The more they research the more evident it is that water is connected to everything, and everything is connected through its need for water. We need to understand those connections to manage it properly. "The safe delivery of the right quality of water, at the right quantity, at the right place, is the need of the hour. That can only be done with proper water management." Said Prof. Mohan Kumar IISc, Bangalore. If we do not manage our water resources well, it is not only we humans that will suffer; our entire ecosystem will be affected. If we use or pollute all the ground water for farming, how will the neighboring trees survive in times of a poor monsoon? How can a forest without trees survive and sustain the wildlife within? Everything is so closely connected; any wrong move on our part can have repercussions far beyond our comprehension.
I am a photographer, and this was a story I thought worth telling. But a story like this was too complex to tell with just images, so I worked with the Indo-French cell for six months on a mini-documentary in order to skim the surface of their research. I wanted to share the faces of the hidden people working to make our lives easier, keep crops growing, and expanding our understanding of the ecosystem and our place in it. Days of filming were hard, starting at 4:30 a.m. in Bangalore, reaching the first field station at about 9:00 a.m. (traffic permitting), and making the return trip to arrive back in Bangalore at midnight. The whole day was spent driving, and trekking between collection sites in both the forested and farmed areas of the catchment. Accompanied by a forest department guard, we would enter into Bandipur National Park, through the lantana (which have nasty thorns by the way) where the researchers would collect samples from bore wells and monitor the ground water levels. All with the ever present fear of elephants, bears, and tigers, which the scientists have run into in the past.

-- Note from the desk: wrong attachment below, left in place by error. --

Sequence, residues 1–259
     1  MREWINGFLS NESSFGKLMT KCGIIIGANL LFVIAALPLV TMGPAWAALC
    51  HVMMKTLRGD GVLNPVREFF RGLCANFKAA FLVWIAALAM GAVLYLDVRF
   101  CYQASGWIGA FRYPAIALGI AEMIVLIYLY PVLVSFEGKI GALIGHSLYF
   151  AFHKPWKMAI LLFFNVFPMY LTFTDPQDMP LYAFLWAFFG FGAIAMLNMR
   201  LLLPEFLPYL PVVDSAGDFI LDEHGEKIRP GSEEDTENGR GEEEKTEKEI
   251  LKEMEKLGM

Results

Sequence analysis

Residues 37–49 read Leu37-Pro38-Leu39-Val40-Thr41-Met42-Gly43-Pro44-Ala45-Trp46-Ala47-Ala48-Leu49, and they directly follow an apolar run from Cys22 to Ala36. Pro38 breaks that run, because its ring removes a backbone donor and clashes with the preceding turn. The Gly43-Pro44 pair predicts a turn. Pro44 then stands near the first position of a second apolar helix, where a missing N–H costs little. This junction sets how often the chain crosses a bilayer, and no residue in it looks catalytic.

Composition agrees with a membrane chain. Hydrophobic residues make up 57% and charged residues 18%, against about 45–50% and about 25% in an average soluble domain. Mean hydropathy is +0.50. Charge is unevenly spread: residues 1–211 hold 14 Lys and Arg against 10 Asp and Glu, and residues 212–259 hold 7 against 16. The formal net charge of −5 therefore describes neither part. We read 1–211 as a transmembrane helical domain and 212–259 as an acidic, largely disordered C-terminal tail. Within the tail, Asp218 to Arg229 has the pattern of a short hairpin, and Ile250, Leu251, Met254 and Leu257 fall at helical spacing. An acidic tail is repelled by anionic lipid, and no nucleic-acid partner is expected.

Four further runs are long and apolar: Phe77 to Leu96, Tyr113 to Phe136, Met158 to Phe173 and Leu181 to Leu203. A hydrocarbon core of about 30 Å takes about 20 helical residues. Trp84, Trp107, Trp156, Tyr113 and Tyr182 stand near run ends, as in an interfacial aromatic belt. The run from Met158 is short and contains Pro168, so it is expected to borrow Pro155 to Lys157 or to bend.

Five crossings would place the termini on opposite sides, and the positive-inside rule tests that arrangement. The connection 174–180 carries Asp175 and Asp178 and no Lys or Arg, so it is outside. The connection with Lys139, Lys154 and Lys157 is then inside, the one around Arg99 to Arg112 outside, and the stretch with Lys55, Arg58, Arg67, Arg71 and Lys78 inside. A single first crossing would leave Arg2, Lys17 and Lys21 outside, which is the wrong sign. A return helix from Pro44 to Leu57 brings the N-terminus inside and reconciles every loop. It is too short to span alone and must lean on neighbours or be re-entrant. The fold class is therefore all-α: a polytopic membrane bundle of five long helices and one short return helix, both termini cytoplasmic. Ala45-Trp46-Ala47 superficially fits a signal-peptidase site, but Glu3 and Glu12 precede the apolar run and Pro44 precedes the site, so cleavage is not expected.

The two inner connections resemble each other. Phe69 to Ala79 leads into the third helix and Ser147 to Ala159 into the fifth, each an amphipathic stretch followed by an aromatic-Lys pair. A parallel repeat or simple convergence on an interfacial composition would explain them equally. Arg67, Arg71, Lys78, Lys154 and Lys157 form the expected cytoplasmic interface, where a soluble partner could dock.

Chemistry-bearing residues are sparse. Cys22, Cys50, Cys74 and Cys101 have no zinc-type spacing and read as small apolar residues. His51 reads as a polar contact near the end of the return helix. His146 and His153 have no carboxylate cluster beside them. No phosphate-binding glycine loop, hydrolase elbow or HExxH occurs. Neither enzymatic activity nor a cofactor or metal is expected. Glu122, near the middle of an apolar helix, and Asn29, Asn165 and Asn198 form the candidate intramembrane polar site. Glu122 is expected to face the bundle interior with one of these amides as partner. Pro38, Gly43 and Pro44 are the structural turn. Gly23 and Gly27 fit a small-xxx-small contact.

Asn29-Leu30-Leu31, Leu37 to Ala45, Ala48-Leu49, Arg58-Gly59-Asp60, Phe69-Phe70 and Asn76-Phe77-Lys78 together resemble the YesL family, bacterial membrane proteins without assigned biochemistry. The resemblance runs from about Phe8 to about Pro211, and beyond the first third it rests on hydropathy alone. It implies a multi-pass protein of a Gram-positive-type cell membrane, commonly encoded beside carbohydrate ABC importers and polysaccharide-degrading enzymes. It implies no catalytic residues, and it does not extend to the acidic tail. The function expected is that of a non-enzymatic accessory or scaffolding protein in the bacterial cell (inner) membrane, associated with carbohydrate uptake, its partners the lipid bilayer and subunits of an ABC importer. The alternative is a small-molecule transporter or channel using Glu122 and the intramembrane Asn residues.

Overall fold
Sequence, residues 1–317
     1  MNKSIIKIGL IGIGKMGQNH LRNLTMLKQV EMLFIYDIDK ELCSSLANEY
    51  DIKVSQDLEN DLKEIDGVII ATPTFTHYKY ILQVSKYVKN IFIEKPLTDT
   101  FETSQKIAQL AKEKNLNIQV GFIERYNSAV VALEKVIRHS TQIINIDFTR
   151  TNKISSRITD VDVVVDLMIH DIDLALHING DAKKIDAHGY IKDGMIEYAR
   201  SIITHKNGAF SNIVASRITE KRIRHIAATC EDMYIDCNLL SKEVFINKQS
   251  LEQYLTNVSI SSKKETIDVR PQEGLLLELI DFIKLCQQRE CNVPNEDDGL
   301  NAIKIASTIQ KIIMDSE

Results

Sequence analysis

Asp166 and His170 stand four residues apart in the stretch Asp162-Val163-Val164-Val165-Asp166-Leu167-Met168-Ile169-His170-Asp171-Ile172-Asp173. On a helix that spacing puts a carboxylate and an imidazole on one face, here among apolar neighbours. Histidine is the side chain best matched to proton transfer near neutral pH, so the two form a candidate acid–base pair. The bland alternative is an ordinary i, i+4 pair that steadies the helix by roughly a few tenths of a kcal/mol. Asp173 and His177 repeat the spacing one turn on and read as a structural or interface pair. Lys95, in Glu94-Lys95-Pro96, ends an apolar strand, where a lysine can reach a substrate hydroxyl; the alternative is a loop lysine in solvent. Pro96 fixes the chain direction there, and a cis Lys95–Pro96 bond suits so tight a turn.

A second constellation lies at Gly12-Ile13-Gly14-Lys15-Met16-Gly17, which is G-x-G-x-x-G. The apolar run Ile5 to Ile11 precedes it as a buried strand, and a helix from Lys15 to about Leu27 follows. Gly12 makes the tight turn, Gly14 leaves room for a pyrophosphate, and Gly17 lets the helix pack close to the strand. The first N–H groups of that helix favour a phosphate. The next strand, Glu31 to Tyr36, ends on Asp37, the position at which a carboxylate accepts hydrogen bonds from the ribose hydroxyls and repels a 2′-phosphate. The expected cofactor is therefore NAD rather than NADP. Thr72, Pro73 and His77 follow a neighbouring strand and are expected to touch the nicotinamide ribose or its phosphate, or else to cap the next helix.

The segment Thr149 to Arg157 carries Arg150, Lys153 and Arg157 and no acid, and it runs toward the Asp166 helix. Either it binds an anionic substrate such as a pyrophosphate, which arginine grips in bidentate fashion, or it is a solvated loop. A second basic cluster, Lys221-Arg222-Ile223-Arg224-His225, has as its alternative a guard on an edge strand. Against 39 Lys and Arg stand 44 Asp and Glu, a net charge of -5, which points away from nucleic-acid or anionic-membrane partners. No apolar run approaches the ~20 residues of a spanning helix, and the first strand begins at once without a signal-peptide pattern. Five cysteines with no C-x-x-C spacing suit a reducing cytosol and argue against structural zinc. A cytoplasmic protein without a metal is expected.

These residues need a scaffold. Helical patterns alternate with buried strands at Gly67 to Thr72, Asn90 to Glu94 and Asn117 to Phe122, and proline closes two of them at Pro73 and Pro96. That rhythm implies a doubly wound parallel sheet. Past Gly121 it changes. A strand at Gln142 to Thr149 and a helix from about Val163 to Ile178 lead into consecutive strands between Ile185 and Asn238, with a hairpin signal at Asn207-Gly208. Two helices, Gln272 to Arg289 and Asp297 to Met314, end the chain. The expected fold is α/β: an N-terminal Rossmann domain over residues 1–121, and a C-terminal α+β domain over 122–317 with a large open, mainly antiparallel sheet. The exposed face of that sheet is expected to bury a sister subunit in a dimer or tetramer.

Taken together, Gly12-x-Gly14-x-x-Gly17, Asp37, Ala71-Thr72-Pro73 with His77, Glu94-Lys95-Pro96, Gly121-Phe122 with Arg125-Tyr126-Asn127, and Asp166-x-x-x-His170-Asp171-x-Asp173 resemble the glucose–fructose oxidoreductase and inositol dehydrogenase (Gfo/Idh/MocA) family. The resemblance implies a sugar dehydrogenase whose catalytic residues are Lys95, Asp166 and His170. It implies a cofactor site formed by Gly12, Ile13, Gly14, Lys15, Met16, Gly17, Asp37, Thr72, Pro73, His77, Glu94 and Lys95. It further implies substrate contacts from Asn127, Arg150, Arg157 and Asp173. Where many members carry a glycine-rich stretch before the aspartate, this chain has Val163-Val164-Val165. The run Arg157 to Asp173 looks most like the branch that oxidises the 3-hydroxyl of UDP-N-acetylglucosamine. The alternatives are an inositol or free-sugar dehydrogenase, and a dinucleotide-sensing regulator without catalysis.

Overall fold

Courtesy: John Rowell.
In the current climate where water resources can cause cities to shut down, bring people to the brink of civil war, and drive political agendas, water research is becoming more and more important. How can we manage a resource we don’t understand? And as I said at the beginning, we are not the only ones affected. If we drain our water sources, how will wildlife survive? How can we manage natural resources so that the whole system can survive? Research like this needs to continue, before research and adaptation turns into crisis management.
A scientist and photographer, John Rowell holds a PhD in Biochemistry. His work with the Indo-French Cell for Water Sciences culminated in a mini-documentary, A Future Without Water?
Author: John Rowell.